Waist size (measure of truncal adiposity) with LIRA-MET compared to PL-MET

  10. Waist-to-Hip Ratio (WHR) [ Time Frame: 84 weeks of treatment ]
    Waist circumference divided by hip circumference (a measure of central adiposity) in LIRA-MET group compared with PL-MET group

  11. Waist to Height Ratio (WHtR) [ Time Frame: 84 weeks of treatment ]
    Waist circumference divided by height (measure of body fat distribution) in LIRA-MET group compared with PL-MET group

  12. Total Cholesterol (CHOL) Levels [ Time Frame: 84 weeks of treatment ]
    CHOL levels in LIRA-MET group compared with PL-MET group

  13. High Density Lipoprotein Cholesterol (HDL-C) Levels [ Time Frame: 84 weeks of treatment ]
    HDL-C levels in LIRA-MET group compared with PL-MET group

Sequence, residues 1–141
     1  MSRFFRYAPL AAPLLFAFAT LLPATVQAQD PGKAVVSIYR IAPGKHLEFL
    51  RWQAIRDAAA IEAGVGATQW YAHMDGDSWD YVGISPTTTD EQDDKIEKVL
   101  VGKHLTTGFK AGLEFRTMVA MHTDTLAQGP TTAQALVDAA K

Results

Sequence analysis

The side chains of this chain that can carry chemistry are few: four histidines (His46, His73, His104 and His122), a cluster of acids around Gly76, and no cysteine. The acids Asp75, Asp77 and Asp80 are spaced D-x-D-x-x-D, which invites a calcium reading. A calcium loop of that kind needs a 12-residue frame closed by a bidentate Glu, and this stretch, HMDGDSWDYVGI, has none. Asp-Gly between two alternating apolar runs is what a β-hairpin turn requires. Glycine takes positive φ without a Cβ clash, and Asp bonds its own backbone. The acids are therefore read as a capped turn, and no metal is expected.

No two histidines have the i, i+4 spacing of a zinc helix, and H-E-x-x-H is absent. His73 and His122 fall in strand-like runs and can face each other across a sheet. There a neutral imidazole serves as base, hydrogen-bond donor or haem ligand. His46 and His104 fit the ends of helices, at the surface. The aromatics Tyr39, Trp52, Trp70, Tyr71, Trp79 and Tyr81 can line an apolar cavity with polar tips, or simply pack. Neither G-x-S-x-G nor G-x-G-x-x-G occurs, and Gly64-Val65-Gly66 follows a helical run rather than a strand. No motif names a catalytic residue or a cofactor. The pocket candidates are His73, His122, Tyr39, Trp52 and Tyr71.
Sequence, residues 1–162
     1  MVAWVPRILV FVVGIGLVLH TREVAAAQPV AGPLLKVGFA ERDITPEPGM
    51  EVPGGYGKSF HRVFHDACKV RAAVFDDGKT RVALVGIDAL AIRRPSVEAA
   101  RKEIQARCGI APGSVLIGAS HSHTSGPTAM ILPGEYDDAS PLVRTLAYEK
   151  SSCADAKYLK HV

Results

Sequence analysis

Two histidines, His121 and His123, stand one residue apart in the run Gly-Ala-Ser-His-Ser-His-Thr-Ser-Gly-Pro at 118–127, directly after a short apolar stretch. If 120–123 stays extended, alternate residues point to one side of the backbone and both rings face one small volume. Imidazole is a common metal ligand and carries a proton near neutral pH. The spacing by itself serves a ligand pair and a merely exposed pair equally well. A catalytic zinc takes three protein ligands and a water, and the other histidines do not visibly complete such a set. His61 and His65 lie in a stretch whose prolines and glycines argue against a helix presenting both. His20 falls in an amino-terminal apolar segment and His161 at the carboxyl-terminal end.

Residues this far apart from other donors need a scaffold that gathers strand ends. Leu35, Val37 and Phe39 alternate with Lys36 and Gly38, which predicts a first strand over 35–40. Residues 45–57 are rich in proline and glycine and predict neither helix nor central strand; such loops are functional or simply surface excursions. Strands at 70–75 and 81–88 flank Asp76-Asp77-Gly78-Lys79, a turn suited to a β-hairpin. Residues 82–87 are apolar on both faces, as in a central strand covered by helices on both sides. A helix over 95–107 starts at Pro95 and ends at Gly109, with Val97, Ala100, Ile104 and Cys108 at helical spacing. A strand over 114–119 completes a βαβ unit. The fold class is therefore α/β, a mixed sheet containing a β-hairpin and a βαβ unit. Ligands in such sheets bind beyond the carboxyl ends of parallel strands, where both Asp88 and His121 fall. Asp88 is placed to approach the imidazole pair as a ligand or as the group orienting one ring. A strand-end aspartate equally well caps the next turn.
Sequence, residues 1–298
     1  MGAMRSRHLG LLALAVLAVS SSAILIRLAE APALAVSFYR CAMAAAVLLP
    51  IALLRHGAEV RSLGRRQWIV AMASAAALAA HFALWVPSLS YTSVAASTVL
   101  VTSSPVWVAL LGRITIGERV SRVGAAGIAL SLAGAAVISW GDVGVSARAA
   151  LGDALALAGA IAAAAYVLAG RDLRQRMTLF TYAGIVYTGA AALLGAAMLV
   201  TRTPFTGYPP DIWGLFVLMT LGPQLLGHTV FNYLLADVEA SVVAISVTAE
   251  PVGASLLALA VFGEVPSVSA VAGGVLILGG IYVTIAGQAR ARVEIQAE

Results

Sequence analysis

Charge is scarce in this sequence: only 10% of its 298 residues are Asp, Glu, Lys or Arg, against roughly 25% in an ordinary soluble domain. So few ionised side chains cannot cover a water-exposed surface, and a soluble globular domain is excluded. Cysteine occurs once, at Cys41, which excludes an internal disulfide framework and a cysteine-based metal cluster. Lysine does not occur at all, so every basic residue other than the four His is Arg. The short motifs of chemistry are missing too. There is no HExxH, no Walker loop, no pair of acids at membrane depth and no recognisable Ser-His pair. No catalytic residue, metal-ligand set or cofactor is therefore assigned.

14. Low Density Lipoprotein Cholesterol (LDL-C) Levels [ Time Frame: 84 weeks of treatment ]
    LDL-Cholesterol levels in LIRA-MET group compared with PL-MET group

  15. Triglyceride (TRG) Levels [ Time Frame: 84 weeks of treatment ]
    TRG concentrations in LIRA-MET group compared with PL-MET group

  16. Triglyceride to High Density Lipoprotein Cholesterol Ratio TRG/HDL-C) [ Time Frame: 84 weeks of treatment ]
    TRG/HDL-Cholesterol levels in LIRA-MET group compared with PL-MET group

  17. Systolic Blood Pressure [ Time Frame: 84 weeks of treatment ]
    SBP in LIRA-MET group compared with PL-MET group

  18. Diastolic Blood Pressure [ Time Frame: 84 weeks of treatment ]
    DBP in LIRA-MET group compared with PL-MET group

  19. Alanine Aminotransferase (ALT) Levels [ Time Frame: 84 weeks of treatment ]
    Hepatic enzyme, ALT, associated with insulin resistance, in LIRA-MET group compared with PL-MET group

  20. Aspartate Aminotransferase (AST) [ Time Frame: 84 weeks of treatment ]
    The hepatic marker, AST, associated with insulin resistance in LIRA-MET group compared with PL-MET group